Front Page Article
"The Lenses of Reformation Concerning Building Local Ekklesia Alliances"
by Dr. Patti Amsden
Jesus commission His disciples as His Ekklesia (called-out ones/church) to steward His kingdom as a governmental and legislative body in Matthew 16:19. Whereas Moses, who was a prototype of Christ, lead a called-out Ekklesia of the nation of Israel for the purpose of management of God’s Kingdom in the Promise Land, Jesus was calling out His people in Matthew 16 for the purpose of management of His Kingdom in the whole earth.
Reformation lens #1 – God has always had a covenant man or people group to whom earthly management for God’s Kingdom was entrusted.
Because the earth is too large for one person or one group to manage, God divides the responsibility of Kingdom governmental stewardship into jurisdictions. Where God gives responsibility, He also grants authority. Matthew 16:19 was a responsibility-conferring, authority-granting commissioning. Christ’s Ekklesia, as a body of many members, was being called to govern the whole earth, 28:18-20). Authority to govern for the Kingdom is granted from the King and territory over which authority is exercised is appointed by the King.
Reformation lens #2 – Only the King rules over all jurisdiction; His subjects have limits to their jurisdictions.
Kingdom stewardship means governing the boundaries of one’s person and family first but is not limited to personal and private matters. The earth has been given to men for management from the Garden of Eden and on to the end of time. The process of maturation processes the child who must learn self-control into the adult who must co-labor with others in responsible management of the earth. Matthew 16:18 confirms the duty of the mature to manage the earth from the perspective on heaven’s will. Christ was assembling a governing body who would operate together to manage the earth.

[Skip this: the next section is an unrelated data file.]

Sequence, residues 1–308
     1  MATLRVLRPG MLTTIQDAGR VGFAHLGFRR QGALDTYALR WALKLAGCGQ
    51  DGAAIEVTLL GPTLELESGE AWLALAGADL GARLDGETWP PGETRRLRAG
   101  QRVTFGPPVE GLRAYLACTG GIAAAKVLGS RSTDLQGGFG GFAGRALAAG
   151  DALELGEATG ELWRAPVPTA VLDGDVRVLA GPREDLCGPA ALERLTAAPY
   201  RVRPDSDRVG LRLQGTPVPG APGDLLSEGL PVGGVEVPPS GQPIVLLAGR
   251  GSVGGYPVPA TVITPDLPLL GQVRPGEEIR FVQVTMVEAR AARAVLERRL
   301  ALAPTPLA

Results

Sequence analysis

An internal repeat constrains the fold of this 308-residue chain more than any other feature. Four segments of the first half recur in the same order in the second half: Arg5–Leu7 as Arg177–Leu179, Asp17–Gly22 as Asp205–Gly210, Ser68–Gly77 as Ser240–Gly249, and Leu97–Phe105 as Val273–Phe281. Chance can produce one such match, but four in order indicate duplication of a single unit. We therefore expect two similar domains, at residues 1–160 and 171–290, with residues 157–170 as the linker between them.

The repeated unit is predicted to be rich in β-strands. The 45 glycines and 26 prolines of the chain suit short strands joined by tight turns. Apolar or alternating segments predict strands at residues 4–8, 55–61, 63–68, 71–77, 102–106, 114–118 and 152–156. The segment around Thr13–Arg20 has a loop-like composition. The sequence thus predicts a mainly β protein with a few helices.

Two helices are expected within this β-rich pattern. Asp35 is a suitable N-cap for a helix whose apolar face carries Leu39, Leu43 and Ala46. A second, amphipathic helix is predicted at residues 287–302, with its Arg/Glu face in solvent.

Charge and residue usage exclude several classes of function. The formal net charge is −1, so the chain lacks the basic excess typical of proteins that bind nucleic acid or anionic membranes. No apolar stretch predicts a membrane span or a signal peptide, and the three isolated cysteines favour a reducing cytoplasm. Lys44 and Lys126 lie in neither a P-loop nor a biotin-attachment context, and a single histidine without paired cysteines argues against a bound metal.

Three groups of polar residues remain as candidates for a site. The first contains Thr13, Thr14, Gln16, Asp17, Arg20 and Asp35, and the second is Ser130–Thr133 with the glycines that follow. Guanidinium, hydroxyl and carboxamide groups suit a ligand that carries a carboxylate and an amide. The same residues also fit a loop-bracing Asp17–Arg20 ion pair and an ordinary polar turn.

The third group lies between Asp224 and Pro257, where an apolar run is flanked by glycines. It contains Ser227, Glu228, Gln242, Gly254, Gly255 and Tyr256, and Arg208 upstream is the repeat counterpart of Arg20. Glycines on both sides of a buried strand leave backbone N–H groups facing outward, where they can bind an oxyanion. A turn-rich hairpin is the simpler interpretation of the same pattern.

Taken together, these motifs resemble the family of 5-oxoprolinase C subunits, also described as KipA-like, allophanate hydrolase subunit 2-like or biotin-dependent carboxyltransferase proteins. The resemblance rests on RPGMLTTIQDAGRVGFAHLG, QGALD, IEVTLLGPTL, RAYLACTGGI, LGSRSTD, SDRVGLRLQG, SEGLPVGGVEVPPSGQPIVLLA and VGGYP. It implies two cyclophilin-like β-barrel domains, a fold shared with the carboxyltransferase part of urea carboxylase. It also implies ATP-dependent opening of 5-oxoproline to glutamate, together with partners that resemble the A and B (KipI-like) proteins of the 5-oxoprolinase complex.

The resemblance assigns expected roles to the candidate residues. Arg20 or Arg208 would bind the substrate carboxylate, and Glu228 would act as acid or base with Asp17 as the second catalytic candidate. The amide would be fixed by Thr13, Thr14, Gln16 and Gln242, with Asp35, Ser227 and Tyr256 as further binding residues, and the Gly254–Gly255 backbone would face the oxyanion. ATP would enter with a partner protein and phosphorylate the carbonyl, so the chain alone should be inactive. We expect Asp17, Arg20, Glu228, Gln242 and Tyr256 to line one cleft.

Reformation lens #3 – An Ekklesia is a group with like-jurisdictional authority working together to oversee the earth with Kingdom principles.
Local governance is the pattern revealed in the Scriptures. Pyramid-style, top-down governmental systems such as found in Egypt were not duplicated in Israel. Moses appointed judges who would work in the small units. Only in the cases where those closest to the problem could not get resolution was a higher court or a more distant governing body engaged. Israel’s history reveals that the elders of the city collected at the city gates provided the government for the city. Local governance was the main model in scripture. Broader jurisdictional Ekklesia governing assemblies should serve only in conjunction with the local governing bodies. Top-down government tends toward abuse or totalitarianism.
Reformation lens #4 – Christ’s Ekklesia should model the pattern of elders at the gates and, thus, exercise spiritual governance first over local jurisdictions.
As Reformers, we should seek personal and earthly sanctification. The aligning of earth with heaven is the specific duty of believers. The first earth we align is our heart, soul, and mind. Personal sanctification equips and qualifies the mature believer to function in Ekklesia councils for the goal of unifying and harmonizing the earth with heaven. The believer whose only focus is on personal piety has either misunderstood or ignored Adam’s original mandate and Christ’s Great Commission. Ekklesia means a called-out body politic. Ekklesia means councils with joint-jurisdictional responsibility exercising joint-territorial authority. Ekklesia means local governance for the advancement of the Kingdom of Christ.
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